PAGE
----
This industry-partnered project will develop, test and improve a seizure detection algorithm for premature babies in the Neonatal Intensive Care Unit. We have access to a unique data set for this purpose, and the steps involved will include feature selection, data classification and data validation. The algorithm will be developed in a regulatory compliant way so that it is ready for licence within 3 years. The project aims are to:
-Develop a robust, reliable, automated seizure detection system for the detection of seizures in preterm neonates and facilitate prompt treatment
-Validate this algorithm on a large multi-centre dataset
-Prepare the algorithm in a regulatory compliant manner such that this algorithm is ready for licence at the end of the project.
Sustained periods of low Blood Pressure (BP) in preterm babies can lead to brain injury. At the same time, the excessive treatment of low blood pressure has been associated with increased risk of poor neurodevelopmental outcomes. In fact, many babies do not show any physical sign of distress and may not need any treatment. In this respect, the term ‘permissive hypotension’ is appropriate where the babies with only a clear sign of brain dysfunction are treated.
In the NICU, it is difficult to continuously monitor neurological function, typically done by means of EEG and brain oxygenation (NIRS). We know that these signals may be altered by significant periods of low BP. However, despite the importance of this information for clinical management, the clinical team caring for the preterm baby find it difficult or impossible to interpret these signals at the cot-side.
NEUROPROBE will develop an innovative method of continuously analysing changes in preterm EEG, NIRS and blood pressure data and present this information in real time as a brain health index. Periods of low BP that have significant impact on brain oxygenation and activity can thus be rapidly identified and appropriate therapies administered. NEUROPROBE will develop an automated multimodal EEG, BP and cerebral oxygenation monitoring system, to be used for constant surveillance in the preterm neonate, based on advanced signal processing and machine learning-based decision making.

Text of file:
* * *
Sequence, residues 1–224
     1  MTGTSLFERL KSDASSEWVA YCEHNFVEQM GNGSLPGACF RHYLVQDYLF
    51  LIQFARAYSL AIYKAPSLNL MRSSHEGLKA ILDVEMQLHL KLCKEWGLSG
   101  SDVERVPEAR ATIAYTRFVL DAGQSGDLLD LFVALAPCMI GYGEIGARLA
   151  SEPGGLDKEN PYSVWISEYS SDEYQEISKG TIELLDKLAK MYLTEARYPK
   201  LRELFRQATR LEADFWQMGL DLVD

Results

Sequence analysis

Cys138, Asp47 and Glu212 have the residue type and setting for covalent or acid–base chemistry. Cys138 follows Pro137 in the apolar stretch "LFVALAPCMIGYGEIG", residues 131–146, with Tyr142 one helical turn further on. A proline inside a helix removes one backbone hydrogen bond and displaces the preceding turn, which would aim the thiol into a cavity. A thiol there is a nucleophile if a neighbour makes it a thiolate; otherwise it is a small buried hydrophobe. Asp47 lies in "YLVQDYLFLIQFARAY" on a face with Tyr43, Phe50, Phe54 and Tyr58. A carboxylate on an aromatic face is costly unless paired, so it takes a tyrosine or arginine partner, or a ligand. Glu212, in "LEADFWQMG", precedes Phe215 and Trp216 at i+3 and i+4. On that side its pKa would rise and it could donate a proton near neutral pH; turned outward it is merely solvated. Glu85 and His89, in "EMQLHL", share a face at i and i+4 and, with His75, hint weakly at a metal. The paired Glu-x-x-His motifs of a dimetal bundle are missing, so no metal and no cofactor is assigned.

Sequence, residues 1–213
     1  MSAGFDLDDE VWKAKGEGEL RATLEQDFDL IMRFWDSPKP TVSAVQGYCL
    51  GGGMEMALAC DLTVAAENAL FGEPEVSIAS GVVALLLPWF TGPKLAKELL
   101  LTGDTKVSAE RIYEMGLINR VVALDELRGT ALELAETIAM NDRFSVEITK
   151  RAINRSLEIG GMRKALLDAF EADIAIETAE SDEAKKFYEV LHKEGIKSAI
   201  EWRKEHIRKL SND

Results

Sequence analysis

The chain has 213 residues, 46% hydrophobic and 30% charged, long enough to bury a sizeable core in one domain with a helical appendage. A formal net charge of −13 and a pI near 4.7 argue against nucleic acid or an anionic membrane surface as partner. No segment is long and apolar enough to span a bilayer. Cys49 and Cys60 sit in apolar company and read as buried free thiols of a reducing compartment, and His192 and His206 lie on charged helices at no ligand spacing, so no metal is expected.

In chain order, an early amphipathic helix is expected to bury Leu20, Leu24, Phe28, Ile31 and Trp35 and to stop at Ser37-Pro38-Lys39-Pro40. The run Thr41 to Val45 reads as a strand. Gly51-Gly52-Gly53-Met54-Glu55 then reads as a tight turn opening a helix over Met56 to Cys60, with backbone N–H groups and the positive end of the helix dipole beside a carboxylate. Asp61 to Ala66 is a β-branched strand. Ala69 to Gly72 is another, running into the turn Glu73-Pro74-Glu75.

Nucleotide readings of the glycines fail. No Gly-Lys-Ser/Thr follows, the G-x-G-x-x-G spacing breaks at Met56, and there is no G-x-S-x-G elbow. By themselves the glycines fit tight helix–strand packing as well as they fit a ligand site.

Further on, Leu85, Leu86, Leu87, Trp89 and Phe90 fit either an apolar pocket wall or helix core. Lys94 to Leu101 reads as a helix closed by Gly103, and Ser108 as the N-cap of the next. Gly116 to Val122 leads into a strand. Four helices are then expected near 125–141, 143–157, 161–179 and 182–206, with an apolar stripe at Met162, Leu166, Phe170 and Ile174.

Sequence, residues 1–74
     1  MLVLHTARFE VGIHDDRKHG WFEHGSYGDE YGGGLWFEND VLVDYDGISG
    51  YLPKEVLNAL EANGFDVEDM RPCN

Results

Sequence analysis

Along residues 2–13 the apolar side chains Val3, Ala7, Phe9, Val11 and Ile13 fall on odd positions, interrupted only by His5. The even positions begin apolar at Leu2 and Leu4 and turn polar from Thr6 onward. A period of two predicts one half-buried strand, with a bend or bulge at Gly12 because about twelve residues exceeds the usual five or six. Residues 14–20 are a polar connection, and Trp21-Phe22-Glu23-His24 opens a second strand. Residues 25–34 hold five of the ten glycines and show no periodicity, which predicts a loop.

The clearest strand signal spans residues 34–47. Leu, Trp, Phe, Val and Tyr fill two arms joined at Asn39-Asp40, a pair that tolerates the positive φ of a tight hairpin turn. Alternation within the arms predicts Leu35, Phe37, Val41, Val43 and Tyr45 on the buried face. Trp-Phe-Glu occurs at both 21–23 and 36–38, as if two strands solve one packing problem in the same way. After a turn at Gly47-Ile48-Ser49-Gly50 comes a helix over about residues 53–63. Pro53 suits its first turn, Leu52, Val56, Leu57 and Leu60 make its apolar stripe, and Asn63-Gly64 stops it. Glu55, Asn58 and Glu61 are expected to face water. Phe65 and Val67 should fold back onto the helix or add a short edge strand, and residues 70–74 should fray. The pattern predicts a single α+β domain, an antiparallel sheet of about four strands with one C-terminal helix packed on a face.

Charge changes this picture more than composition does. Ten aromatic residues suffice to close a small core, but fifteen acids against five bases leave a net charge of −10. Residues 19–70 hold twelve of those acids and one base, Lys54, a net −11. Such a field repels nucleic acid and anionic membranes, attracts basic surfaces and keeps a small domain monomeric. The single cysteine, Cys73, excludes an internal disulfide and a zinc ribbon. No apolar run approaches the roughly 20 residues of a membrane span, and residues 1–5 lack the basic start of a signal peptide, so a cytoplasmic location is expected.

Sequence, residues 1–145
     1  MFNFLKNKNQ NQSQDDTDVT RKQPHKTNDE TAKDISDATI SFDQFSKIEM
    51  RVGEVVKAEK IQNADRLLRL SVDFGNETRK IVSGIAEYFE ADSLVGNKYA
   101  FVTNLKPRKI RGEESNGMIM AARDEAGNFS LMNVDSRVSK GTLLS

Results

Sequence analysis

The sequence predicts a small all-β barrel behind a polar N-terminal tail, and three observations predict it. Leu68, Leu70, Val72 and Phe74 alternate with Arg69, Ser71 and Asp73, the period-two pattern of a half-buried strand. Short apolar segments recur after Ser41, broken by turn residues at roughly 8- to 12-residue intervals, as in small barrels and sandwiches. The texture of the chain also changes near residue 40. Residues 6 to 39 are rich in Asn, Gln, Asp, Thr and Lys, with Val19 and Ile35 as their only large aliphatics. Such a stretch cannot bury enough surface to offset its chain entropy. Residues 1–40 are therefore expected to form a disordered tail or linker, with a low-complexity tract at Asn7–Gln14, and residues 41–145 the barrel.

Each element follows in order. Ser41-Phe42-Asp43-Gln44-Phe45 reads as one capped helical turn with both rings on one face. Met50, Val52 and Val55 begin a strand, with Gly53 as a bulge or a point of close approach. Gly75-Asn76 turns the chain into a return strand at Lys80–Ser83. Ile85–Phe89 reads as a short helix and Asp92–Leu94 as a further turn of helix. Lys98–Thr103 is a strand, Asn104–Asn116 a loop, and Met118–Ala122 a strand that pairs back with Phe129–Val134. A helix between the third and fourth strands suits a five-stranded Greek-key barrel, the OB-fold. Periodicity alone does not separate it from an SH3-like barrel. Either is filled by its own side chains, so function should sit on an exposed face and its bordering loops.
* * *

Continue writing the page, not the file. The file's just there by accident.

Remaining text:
PiNPoINT (Personalised Nutrition for the Preterm Infant) is a large-scale project aiming to implement a novel nutritional management strategy in preterm very low birth weight (VLBW) infants using real-time nutritional data collection and monitoring. PiNPoINT follows from the results of the BabyGrow longitudinal preterm nutrition study that quantified nutrition and growth in a small cohort of preterm infants. The project aims to address the lack of knowledge around nutritional requirement in VLBW infants to optimize growth and development of bone, body composition and brain tissue for improved functional outcomes and promotion of long-term health and quality of life. This is the largest project of its kind in Ireland.
The SafeBooSC-II trial is geared towards safeguarding the brains of our smallest children. It is a phase II feasibility randomised clinical trial on near-infrared spectroscopy monitoring combined with a treatment guideline in premature infant.
INFANT is a participant in the SafebooSC II trial, which was funded by the Danish Strategic Council to assess the role of cerebral oxygenation monitoring in extremely preterm infants in the first three days of life. The short term results of this study have recently been published, showing that cerebral oxygenation monitoring, with a treatment guideline, resulted in a reduction in the amount of cerebral hypoxia in the first three days of life. Long-term neurodevelopmental outcome is ongoing and the next stage of the project is to conduct a significantly larger study enrolling 1600 infants across Europe
The SmarTi – Stressed Microbial Transfer to the Infant project aims to determine the impact of Maternal Prenatal Stress (MPNS) and Maternal Irritable Bowel Syndrome (MIBS) on the intestinal microbiota during pregnancy. The project will also determine if this ‘stressed microbiota’ is transmitted to the infant at birth. We are assessing the consequence of these changes as the infant microbiome is seeded and developed.